I’m sure many people reading this article know too well (or if you’re about to embark on teacher training, you will soon discover), that when you’re training your mind is constantly trying to remember everything all the time. A fellow trainee and I sat down and came up with a list of all the things we have to try to remember to do on a standard day on placement, and within a couple of minutes our list exceeded 20. We then did the same for all the ‘day-to-day’ things you have to remember, like washing, food shopping, replying to a text, and again within a couple of minutes our list exceed ten. Then finally, I composed a list of all the diabetic-related things that you’re continuously thinking about; injecting, changing CGM and cannula, predicting how your blood sugars are going to react, and again within a few minutes I had a list of almost 20. Purpose being to highlight, again, how constant managing type one diabetes is, on top of everything you are trying to learn and remember when training and around normal life stuff. Meaning at times, everything can just feel incredibly overwhelming and tiring.

The best strategies I’ve found to help feel like your head isn’t about to explode are, at the beginning of the week or in the morning, doing a physical brain dump, writing down everything you need to do and want to achieve that week or day, then breaking that down into manageable and achievable to-do lists for each day. Also utilising the reminders app on your phone, programming in when you need to order more supplies, when you need to arrange to get blood tests done, when you need to change your cannula and insulin vials. I found it just helped to take some of the pressure off trying to remember and keep track of those little diabetic survival jobs. Mentors, my advice would be just to have a level of understanding and leniency that there may be times when trainees need added support or an extra day to complete a lesson plan, or just somebody to verbalise everything that is swarming around in their head.

The final point that I want to make about is misconceptions, as hinted at when the students accused me of having my phone on in class. Misconceptions about type one diabetes and diabetes, in general, are ever present in society and largely go unchallenged. I’m not expecting 15 and 16 year olds to know what a pump alarm sounds like, but our awareness and understanding of diabetes does need to change. Several times whilst I have been training people have made comments like, “you don’t look like a diabetic.” or “I better not offer you a biscuit!” Although they don’t appear to be damaging, they do show how widespread and embedded some misconceptions are.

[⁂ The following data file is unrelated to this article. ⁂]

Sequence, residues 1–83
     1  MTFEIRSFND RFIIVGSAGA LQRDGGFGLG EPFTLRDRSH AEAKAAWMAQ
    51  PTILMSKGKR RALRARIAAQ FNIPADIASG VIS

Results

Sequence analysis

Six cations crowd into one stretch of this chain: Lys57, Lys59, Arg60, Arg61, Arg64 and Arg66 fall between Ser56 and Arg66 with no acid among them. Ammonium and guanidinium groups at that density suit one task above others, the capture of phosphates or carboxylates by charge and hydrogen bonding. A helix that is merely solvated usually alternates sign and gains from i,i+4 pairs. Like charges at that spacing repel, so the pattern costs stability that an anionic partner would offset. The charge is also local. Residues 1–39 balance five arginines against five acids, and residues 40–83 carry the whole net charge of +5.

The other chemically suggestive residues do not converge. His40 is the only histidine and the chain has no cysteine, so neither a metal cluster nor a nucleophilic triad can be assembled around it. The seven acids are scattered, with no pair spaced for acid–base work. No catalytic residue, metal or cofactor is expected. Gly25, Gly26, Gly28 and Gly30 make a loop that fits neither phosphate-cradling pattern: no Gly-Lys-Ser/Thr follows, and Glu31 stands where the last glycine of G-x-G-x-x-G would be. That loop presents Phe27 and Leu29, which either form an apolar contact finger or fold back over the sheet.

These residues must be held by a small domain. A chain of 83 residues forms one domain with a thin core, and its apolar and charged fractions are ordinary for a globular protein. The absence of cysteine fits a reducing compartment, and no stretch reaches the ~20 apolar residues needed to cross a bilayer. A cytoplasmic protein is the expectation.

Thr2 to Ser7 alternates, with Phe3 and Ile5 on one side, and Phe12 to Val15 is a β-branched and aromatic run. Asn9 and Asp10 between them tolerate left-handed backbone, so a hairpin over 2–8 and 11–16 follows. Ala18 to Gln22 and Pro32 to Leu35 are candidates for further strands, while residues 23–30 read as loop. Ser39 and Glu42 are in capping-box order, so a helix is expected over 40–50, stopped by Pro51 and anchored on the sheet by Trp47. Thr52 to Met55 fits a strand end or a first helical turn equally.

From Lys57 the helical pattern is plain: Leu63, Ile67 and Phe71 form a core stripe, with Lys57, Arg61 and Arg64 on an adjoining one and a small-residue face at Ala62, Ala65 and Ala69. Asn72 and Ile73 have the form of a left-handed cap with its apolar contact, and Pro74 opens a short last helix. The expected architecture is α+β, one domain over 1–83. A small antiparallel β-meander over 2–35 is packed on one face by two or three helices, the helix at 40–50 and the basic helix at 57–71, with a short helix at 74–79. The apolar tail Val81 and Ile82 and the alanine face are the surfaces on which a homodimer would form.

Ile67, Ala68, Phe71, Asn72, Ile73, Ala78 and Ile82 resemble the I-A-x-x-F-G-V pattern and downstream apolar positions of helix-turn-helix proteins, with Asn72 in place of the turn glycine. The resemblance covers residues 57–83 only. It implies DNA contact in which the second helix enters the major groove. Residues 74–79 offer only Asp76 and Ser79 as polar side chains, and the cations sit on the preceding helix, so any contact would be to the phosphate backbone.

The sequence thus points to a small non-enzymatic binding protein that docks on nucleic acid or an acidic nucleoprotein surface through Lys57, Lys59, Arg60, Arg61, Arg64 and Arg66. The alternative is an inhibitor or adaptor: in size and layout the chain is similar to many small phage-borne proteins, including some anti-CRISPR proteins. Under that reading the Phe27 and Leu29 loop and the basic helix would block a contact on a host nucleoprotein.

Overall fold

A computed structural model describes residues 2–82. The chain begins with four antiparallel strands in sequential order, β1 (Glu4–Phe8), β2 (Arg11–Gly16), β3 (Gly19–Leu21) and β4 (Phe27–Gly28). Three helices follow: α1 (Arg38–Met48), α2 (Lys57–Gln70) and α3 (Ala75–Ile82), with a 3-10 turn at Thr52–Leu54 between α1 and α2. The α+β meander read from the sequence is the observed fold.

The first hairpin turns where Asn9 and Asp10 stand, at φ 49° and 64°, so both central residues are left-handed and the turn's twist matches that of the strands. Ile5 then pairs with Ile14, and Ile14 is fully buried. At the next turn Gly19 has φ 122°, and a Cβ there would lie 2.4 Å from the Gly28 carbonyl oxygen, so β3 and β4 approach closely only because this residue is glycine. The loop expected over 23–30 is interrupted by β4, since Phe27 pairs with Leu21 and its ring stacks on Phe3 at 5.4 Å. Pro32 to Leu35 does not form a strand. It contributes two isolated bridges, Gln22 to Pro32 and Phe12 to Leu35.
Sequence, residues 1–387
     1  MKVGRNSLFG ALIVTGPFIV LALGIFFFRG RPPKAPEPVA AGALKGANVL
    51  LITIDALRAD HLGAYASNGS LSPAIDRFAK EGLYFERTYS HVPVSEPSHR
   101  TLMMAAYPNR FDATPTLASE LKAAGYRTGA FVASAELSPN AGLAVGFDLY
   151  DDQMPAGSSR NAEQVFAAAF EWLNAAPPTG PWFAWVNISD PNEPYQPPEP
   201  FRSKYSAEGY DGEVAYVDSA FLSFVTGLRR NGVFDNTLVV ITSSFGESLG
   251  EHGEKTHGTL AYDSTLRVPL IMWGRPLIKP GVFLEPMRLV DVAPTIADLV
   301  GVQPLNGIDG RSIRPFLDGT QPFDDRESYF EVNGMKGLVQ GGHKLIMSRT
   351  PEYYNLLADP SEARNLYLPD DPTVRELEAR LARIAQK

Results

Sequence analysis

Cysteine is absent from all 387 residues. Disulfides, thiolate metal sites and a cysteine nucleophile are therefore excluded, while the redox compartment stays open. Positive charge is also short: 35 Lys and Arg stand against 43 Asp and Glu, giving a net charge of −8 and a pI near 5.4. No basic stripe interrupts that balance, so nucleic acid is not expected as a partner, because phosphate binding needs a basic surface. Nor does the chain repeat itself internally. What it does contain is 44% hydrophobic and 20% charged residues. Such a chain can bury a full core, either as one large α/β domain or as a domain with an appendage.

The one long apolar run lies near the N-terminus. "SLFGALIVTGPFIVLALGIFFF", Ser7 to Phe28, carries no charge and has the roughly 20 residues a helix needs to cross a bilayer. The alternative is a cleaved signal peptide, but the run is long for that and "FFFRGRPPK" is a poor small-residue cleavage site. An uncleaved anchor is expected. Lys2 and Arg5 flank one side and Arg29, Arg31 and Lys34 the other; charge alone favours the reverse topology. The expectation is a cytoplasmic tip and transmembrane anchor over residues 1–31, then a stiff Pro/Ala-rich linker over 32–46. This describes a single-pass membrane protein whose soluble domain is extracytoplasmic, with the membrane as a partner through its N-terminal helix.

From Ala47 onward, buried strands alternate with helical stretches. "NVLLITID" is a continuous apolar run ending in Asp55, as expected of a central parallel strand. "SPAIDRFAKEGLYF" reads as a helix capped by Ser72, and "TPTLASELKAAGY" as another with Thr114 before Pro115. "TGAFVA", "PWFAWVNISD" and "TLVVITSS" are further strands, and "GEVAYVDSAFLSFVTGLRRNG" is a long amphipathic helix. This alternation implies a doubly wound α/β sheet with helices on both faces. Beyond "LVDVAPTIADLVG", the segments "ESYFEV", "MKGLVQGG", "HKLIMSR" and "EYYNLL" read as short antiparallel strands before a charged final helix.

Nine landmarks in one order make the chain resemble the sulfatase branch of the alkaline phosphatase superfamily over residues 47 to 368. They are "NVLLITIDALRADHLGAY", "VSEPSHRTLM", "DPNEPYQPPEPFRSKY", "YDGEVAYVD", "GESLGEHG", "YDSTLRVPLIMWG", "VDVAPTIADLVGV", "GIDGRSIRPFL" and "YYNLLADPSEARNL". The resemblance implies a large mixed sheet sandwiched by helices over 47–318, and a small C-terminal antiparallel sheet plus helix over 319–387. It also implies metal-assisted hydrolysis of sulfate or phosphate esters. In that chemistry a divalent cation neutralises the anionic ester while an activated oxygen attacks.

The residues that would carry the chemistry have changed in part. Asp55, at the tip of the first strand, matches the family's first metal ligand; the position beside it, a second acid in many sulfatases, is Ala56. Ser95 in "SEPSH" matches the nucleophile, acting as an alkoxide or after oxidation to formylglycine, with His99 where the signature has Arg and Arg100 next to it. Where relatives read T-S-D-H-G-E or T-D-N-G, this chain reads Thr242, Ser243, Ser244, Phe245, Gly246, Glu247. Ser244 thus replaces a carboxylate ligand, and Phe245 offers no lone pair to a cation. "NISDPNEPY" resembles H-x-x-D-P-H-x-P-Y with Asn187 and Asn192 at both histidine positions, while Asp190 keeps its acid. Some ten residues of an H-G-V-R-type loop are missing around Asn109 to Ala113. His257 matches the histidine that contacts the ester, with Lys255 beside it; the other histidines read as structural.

Two of the most damaging misconceptions out there are, it isn’t a ‘real’ disability: just because it isn’t a visible disability doesn’t diminish the fact that is a disability. That needs to be respected and honoured in the same way someone with a visible disability is. Second misconception, that type one diabetes affects people all in the same way. Despite the fact everyone becomes a type one diabetic in the same way, the impact and the way it affects someone is individual to that person and is ever evolving and changing. As has become my running theme with advice throughout this article, mentors should chat with their trainee and understand how their diabetes impacts them. Equally, trainees you need to communicate and be honest about how their diabetes impacts you and don’t take the view that it doesn’t matter, that you can deal with it on your own or, that you don’t want to come across as being problematic or needy. Because at the end of the day, mentors are there to support and guide you, and understanding and getting to know you is a fundamental part of that.

Hopefully this article hasn’t put any type ones off teacher training or any mentors off mentoring type one diabetics, but it was important to me to be honest and offer meaningful advice.

I want to finish this blog with this: I am proud of the teacher I am becoming, but I am even prouder to be a teacher who is diabetic. Through this experience I have witnessed how impactful being open and honest about your own adversities can be to students. About a week later, I went back into that year 11 class and some of the students asked me about the beeping and I explained to them that I was a type one diabetic, and it was my insulin pump that was beeping. This then led to further questions and a discussion about diabetes with them thanking me for talking to them about it and that it was cool to see someone like me becoming a teacher.

Over time I realised that the ‘someone like me’ comment meant someone who had something ‘different’ about them, who didn’t fit into the idealistic model students have constructed about teachers. The phrase “see it to believe it” encompasses how important it is for students to see people who face challenges succeeding and achieving their goals and dreams. There have been multiple times through training that I have had conversations with students who face their own daily challenges whether that Autism, Tourette’s syndrome or Dyslexia and been able to find similarities between what they’re facing and what I am or have had to face. This has enabled me to help and offer empathy to them from a perspective they haven’t had before, as well as demonstrate to them that they can achieve whatever they set their mind to. It just might just be that bit tougher and take that little bit longer but they can and will achieve it.

In September when I start my job, I probably won’t be walking around on the first day wearing a sandwich board that reads ‘I am a diabetic teacher’, but it is not something I am going to hide from the students or, avoid talking to them about, it is something I am going to celebrate. Therefore, I would strongly encourage any diabetics or anyone else with a disability to sign up and become a teacher because you never know what difference you might make to a student by simply being you.

Anya Renouf is a trainee teacher at Bournemouth Poole and Dorset Teacher Training Partnership.

1 Comment

  1. William Hughes on September 27, 2023 at 9:02 pm

    Great story, thanks !